While on the path, the misses asks me what I would do if a wolf jumped out at us, what would be my plan. First off, let’s not joke about that. I don’t need a wolf or any sort of animal launching itself at me in the middle of the woods close to 9 p.m.  She suggested climbing up a tree, but I could barely climb a set of stairs at this point.

So let’s explore my odds at surviving a wolf attack with the following tactics:

Climb a tree – 30:1


Although I would be tired from the hike, you have to believe there’s a chance for me avoid becoming a wolf’s dinner by climbing a tree. Wolves don’t have thumbs, so they can’t climb. Physics, folks. My only issue would be reaching branches and not losing my grip. Oh, and my fat ass breaking a branch.

Fight with a branch – 100:1


I played plenty of Soul Calibur II growing up, so I’m confident in my ability to use a branch like a sword or staff. I’m not so confident in the quality of the branch to hold up in the fight against a wolf.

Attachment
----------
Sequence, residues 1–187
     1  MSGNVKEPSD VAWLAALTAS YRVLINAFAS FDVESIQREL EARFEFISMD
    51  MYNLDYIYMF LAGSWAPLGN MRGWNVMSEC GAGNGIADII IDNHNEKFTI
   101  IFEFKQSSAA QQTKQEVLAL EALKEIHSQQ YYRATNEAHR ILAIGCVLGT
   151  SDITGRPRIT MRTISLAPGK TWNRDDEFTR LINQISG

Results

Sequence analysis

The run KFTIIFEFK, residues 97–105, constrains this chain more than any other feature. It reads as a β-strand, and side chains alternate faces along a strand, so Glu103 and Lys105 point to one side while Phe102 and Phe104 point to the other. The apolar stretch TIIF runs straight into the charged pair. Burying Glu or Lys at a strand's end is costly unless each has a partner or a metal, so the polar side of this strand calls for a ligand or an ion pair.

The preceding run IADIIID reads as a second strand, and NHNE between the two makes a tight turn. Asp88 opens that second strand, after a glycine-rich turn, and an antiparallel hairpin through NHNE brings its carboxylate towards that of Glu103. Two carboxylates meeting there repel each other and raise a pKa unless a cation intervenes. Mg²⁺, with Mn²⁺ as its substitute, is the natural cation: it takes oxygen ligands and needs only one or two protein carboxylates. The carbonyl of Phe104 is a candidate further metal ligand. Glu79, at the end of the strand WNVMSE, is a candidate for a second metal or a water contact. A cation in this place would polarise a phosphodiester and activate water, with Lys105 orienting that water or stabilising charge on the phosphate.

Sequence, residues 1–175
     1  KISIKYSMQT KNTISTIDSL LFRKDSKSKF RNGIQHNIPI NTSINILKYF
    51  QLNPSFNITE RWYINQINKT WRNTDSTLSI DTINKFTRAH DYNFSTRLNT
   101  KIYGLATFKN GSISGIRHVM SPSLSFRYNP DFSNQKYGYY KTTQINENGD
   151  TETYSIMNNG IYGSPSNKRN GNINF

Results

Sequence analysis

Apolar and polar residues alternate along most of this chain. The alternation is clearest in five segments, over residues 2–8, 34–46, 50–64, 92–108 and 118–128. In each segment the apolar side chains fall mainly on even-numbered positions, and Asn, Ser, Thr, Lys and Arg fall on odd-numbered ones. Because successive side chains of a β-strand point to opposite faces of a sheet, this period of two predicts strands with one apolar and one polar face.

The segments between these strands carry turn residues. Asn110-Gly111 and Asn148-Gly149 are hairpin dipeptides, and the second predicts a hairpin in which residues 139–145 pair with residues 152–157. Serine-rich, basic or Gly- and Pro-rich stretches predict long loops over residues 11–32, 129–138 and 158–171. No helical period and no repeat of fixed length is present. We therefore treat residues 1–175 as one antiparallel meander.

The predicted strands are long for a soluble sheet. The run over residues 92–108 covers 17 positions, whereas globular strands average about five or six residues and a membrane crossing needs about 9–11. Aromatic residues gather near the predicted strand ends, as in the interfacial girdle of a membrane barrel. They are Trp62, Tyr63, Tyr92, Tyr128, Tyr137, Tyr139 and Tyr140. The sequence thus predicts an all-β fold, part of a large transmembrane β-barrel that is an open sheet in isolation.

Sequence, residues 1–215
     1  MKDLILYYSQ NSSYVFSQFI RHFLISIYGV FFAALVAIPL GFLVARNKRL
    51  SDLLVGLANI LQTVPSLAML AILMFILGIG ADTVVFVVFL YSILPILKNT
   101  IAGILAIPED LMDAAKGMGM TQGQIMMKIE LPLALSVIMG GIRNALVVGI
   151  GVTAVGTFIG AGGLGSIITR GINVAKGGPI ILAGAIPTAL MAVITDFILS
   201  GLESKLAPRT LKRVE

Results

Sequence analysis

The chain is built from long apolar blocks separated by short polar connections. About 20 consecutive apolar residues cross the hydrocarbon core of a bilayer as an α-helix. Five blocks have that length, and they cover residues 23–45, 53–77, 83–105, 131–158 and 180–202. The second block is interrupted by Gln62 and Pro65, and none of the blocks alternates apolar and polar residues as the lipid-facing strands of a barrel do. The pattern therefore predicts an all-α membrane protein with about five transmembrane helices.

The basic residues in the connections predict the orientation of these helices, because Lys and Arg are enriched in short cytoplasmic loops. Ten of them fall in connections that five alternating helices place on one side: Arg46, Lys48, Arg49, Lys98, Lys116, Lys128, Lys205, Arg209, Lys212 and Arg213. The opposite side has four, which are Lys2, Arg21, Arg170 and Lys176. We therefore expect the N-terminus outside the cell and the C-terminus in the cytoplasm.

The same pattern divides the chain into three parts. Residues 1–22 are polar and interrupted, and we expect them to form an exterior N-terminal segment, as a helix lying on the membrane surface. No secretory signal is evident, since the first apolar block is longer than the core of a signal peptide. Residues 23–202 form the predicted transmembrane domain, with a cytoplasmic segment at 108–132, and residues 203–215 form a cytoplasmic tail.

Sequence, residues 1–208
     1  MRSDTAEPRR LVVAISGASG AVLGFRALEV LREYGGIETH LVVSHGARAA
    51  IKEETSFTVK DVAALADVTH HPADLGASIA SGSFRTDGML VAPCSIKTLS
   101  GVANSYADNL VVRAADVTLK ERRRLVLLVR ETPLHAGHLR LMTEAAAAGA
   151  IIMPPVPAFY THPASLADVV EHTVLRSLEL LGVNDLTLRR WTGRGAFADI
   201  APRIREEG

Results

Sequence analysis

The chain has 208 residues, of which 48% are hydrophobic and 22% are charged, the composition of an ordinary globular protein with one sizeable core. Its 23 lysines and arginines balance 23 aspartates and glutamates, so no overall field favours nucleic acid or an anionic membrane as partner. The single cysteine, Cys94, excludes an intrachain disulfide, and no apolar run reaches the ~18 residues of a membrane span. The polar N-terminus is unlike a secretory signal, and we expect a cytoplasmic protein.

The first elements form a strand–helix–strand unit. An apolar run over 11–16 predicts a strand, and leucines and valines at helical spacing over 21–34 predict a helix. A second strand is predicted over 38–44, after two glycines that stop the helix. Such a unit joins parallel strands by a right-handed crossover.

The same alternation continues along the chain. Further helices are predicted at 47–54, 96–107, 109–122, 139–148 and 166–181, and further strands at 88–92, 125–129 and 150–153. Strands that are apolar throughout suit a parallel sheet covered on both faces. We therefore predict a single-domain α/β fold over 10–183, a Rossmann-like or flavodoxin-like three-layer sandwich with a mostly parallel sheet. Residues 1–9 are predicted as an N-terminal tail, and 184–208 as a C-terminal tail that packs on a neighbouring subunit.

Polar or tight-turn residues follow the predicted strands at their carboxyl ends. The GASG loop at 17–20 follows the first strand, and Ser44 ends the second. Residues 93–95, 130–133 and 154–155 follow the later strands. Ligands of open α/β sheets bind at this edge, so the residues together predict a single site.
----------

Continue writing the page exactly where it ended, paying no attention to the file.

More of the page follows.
Fight with bare hands – 200:1


I wrestled in high school (no big deal), but it’s been some time since I wore revealing spandex. Although I lack recent experience, I make up for this flaw in my weight gained since high school. The average wolf can weigh up to 180 lbs, so I have the upper hand gut in a potential fight. Plus, I have thumbs, wolves don’t. Advantage: me, but also disadvantage me because he can rip my throat out with his teeth.

Throw rocks – 300:1


There’s a reason why I didn’t play college baseball and barely played in high school.

Run – 400:1


I’m not fast, and even if I ran fast enough, I’d be sure to run into the rest of the wolf pack. Speed isn’t my strength, and it sure as hell would be my downfall against a wolf.

Consensus: If a wolf comes at me in the woods, especially at night, consider me dead.


Have any stories to share? Suggestions? Feedback? Send them to or Tweet me @ZacharyAdamGray